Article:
Peterson Opens Up Following NFL Suspension Roberts Says Taylor Suspension Was Excessive Minneapolis Area Official Chooses Side In MLS Bid MLB Approves Five-Year Manfred Deal NHL Calls For Dismissal Of Concussion Suit Hornets' Taylor Suspended 24 Games NFL's Jeff Pash Addresses Peterson Suspension NFL Concussion Case Approval Still A Ways Off Response Mixed On Peterson's Punishment More Feuding Looms Between NFL, NFLPA
SBD/12/Leagues Governing Bodies
PLAYERS READY TO DISCUSS A LEAGUE OF THEIR OWN
Published September 12, 1994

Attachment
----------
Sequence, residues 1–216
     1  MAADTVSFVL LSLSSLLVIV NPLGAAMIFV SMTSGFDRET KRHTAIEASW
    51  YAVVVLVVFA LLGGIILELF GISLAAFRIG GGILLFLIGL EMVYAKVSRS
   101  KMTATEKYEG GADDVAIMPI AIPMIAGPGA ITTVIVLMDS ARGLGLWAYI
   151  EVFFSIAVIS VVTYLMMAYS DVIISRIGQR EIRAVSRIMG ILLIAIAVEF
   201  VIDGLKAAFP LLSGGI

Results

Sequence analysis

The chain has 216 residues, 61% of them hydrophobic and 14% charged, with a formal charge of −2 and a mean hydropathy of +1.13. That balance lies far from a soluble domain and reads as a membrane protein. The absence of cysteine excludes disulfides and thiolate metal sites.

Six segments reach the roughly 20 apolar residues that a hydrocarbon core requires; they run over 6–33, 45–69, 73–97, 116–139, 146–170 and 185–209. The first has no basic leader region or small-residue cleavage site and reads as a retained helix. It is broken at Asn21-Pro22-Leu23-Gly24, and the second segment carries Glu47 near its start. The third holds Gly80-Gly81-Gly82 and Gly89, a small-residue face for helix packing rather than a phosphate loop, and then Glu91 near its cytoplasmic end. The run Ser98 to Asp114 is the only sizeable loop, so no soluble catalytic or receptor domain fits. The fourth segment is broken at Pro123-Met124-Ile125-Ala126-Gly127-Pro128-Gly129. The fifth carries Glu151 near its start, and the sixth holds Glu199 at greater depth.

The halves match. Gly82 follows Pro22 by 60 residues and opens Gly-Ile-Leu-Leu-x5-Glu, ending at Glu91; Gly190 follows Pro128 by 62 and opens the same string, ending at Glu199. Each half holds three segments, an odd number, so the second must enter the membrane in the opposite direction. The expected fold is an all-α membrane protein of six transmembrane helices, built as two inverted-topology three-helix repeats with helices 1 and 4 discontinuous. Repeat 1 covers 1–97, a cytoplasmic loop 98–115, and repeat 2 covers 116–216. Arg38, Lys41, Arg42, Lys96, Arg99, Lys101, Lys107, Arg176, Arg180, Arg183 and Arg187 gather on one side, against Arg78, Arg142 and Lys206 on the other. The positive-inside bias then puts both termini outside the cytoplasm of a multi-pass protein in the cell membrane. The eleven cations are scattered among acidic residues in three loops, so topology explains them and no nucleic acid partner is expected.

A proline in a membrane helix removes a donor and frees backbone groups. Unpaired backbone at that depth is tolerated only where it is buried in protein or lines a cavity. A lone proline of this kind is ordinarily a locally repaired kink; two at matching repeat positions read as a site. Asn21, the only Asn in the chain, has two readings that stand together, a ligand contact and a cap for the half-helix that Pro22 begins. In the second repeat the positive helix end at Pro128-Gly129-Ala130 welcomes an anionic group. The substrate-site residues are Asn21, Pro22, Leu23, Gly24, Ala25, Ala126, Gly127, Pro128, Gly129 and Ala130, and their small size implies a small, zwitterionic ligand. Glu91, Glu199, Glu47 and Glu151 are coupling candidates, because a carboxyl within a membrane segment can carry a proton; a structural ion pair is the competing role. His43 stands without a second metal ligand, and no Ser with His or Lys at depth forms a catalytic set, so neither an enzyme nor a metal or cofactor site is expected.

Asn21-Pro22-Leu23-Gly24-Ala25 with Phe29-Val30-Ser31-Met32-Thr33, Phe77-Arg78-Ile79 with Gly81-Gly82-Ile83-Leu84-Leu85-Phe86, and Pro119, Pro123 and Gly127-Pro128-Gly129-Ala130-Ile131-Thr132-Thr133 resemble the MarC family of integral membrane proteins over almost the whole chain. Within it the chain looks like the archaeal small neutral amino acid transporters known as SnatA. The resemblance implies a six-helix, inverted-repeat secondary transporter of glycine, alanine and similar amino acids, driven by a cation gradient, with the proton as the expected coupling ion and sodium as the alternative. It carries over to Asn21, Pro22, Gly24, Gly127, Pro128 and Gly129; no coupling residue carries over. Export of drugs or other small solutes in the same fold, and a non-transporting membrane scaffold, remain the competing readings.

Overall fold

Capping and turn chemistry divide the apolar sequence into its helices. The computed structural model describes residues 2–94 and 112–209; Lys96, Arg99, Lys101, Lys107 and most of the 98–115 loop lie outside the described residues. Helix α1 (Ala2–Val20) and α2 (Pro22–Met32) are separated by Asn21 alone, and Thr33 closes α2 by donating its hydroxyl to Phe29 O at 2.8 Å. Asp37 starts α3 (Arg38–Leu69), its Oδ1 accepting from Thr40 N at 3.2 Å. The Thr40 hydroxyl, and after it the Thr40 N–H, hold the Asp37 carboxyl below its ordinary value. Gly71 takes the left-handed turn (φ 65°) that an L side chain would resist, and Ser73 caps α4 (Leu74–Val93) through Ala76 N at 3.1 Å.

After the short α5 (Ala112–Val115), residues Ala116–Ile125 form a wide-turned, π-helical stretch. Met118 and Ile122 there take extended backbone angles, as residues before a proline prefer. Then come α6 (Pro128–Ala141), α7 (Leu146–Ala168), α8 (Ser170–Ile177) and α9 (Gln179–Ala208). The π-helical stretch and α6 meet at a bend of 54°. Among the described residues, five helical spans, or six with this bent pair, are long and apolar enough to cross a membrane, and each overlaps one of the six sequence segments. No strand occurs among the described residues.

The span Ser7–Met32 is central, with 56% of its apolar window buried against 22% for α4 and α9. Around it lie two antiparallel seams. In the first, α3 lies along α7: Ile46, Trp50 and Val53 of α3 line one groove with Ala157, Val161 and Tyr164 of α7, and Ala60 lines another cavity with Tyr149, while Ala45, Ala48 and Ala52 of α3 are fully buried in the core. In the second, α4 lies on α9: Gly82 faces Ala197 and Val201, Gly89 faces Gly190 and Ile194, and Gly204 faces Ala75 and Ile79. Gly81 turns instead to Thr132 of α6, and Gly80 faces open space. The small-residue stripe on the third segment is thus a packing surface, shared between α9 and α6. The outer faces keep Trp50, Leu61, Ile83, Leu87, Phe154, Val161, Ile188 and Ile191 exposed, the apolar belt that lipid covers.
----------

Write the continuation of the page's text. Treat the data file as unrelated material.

Weekend talk again turned to the idea of the players creating their own league. Braves player rep Tom Glavine: "It's been talked about, absolutely. Some might think it's far- fetched, but it is not. Hopefully, we won't get to that point" (Mike Fish, ATLANTA CONSTITUTION, 9/12). While former MLBPA general counsel Richard Moss, who tried unsuccessfully to start a rival league in '89, sees "another window of opportunity approaching" (Murray Chass, N.Y. TIMES, 9/11) -- others are doubtful. Peter Schmuck writes, "The logistics of starting a new league would be so daunting that it seems unlikely that it would be considered seriously" (Baltimore SUN, 9/11). WILL THEY HOLD? In Chicago, Jerome Holtzman writes, "Many [players] are eager to return to the field, even with a salary cap. Eventually, they will surrender. And the longer they hold out, the more they will lose" (CHICAGO TRIBUNE, 9/11). John Helyar writes the MLBPA is "potentially the far bigger loser" if the season shuts down (WALL STREET JOURNAL, 9/12). On ESPN's "Sports Reporters," Bill Conlin predicted that the owners will open the camps next year and "Barry Bonds and a lot of other players making $2 million a year will come into camp. If the union is not broken, it is bankrupt" (ESPN, 9/11).